Published on January 31, 2018, an anticipated "Illinois Blockchain and Distributed Ledger Task Force Final Report to the General Assembly" extolls the virtues of blockchain systems for governments, while acknowledging the challenges ahead.
In a groundbreaking move among US states, the document itself was "the first government report in Illinois to be permanently certified in a public blockchain," a gesture that its authors hope demonstrates a "desire to see government begin to use this technology."
The taskforce was given the role of assessing areas of research for blockchain technology. It identified opportunities and risks; numerous different blockchain platforms; applicable use cases pursued by other states and nations; and how laws can be modified to support digital recordkeeping, public key and private keys, and digital signatures.
The team also provided recommendations to lawmakers based on their analysis:
"To broadly summarize our findings, this Task Force believes that blockchain technology and its built-in encryption can facilitate highly-secure methods for interacting with government and keeping paperless records, increasing data accuracy and providing better cybersecurity protections for Illinois residents. Though the technology still needs refinement, government has an opportunity to help shape and adopt innovative solutions."
The authors provided broad examinations of blockchain technology, complete with explanations on executable distributed code contracts (also known as smart contracts), soft and hard forks, how transactions are reconciled, transparency and immutability, as well as system security.
It was assessed that there is a necessity to strike a balance between governance, regulation, legal code, and the technical implementation of blockchain systems, as they can be applied to government-managed services like voting, taxation, and identification. It will require lawyers, mathematicians, business executives, and computer scientists to collaborate on methods the government might use to deliver such systems to the public.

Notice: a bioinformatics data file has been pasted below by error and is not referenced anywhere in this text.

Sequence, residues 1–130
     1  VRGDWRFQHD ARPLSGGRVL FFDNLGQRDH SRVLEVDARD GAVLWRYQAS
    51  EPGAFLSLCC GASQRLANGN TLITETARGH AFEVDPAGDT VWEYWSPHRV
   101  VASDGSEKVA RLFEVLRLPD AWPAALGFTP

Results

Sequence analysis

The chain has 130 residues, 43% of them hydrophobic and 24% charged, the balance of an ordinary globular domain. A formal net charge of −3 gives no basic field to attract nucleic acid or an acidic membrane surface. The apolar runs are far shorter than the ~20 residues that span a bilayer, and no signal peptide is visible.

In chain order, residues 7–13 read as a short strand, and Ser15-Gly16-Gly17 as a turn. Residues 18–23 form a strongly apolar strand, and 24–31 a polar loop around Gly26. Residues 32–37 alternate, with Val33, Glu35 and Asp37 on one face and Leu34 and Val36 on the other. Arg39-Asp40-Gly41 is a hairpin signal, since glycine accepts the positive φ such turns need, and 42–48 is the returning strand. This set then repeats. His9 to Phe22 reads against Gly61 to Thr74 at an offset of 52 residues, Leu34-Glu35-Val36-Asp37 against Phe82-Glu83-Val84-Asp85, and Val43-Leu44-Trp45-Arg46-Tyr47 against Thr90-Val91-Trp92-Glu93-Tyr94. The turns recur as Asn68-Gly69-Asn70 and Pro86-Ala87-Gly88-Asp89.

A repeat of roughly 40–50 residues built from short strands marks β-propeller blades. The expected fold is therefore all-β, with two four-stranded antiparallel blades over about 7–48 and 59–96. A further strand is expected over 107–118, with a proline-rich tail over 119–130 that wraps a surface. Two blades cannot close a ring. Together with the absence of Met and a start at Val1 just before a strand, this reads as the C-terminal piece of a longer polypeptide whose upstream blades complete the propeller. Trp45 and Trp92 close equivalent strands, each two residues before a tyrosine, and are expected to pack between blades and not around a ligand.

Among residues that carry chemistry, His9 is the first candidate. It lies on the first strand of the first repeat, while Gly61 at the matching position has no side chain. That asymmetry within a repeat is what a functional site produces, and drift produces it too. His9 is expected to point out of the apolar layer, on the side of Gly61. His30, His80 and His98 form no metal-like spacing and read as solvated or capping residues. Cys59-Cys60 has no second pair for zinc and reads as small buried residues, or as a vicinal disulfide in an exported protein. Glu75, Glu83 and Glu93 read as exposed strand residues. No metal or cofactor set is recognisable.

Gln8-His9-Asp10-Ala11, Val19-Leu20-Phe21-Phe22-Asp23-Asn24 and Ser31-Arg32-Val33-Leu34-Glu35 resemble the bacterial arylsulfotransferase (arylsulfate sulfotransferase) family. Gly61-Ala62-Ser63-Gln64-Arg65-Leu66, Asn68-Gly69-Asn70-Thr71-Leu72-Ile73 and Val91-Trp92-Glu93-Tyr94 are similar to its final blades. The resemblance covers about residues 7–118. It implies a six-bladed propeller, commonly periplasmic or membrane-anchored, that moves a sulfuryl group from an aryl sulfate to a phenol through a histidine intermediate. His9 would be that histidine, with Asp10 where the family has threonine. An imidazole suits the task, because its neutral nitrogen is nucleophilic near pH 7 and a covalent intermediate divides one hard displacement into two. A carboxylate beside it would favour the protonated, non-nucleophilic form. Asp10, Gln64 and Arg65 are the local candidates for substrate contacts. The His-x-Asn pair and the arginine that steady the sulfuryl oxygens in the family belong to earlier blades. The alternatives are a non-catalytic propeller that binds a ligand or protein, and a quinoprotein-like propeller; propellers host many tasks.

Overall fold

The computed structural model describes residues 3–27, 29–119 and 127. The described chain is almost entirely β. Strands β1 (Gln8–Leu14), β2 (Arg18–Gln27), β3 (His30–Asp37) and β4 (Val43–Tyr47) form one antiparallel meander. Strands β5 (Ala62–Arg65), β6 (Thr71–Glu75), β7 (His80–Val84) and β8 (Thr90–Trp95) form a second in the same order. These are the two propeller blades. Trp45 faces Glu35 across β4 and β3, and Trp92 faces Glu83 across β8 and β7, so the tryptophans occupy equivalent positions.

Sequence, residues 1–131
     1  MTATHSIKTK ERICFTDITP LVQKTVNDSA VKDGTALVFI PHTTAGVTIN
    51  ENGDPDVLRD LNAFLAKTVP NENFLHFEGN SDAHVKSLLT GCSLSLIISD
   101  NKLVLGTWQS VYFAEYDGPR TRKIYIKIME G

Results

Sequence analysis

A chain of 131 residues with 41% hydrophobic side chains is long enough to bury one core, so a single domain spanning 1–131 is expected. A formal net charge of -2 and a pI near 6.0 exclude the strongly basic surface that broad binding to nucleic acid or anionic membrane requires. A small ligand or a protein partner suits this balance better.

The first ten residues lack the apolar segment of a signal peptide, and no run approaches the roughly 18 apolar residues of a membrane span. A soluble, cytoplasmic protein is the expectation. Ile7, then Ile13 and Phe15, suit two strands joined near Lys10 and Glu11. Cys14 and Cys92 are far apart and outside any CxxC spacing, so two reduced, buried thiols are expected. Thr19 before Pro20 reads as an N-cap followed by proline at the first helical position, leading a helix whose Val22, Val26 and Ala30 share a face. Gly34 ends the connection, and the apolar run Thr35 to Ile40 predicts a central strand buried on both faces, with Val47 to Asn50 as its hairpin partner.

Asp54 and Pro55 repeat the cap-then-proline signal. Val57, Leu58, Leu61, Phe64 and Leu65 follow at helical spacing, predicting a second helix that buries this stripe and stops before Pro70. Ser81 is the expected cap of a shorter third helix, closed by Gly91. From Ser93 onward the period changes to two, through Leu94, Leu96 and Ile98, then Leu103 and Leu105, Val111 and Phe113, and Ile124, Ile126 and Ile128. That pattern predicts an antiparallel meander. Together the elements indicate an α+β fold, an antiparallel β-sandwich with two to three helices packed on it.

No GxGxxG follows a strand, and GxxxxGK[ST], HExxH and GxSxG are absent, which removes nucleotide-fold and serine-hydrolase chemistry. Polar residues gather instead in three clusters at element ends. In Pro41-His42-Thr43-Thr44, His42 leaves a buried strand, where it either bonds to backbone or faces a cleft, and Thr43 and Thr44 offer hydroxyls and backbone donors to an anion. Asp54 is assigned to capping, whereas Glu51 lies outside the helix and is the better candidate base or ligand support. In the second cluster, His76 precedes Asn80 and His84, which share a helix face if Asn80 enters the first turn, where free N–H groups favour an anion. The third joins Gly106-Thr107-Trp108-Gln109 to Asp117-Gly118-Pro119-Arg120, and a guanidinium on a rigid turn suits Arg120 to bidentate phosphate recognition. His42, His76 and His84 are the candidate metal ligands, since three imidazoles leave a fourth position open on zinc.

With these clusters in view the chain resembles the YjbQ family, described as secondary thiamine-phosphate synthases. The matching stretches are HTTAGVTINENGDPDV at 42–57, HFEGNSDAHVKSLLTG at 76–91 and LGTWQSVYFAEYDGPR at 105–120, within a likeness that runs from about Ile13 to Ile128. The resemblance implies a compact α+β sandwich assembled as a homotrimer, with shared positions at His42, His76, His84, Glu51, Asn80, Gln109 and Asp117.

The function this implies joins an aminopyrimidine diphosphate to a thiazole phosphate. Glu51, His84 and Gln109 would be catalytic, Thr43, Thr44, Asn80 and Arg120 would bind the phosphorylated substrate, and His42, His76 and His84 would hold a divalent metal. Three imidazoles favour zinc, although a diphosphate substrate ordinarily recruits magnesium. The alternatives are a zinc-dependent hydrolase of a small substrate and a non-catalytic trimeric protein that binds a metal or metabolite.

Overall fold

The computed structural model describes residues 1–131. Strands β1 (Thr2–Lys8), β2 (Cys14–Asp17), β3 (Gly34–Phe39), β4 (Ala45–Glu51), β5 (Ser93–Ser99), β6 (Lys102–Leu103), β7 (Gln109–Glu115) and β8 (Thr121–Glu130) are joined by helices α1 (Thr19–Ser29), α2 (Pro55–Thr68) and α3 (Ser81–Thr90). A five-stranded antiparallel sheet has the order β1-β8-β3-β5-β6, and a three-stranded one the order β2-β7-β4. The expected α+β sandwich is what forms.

Public-sector use cases for blockchain technology were also found, including disaster recovery, student loans, and agricultural price support. The taskforce said that blockchain technology could streamline the management of disparate facilities by digitizing records, allowing for interagency access to public-sector information.
As opposed to approaching from a basis of affirming the legality of use cases, the taskforce recommends lawmakers engage in building a "hyperconnected government with blockchains," to better enhance the role government plays in maintaining trusted data sets on individuals, organizations, assets, and activities. A number of legislative suggestions are proposed to lawmakers to help better poise the government to make the most of electronic record keeping, as applied to blockchain systems.
The taskforce made note that the state hasn't been sitting on the sidelines in the midst of ongoing ecosystem development; the Illinois Blockchain Initiative is an active participant in the ecosystem, having joined consortiums such as the Enterprise Ethereum Alliance, Chamber of Digital Commerce, R3, Hyperledger and the Chicago Blockchain Center.
If Illinois steps forward and begins to integrate blockchain-based systems of governance for public sector entities, it may generate a standard which other states will in turn adopt.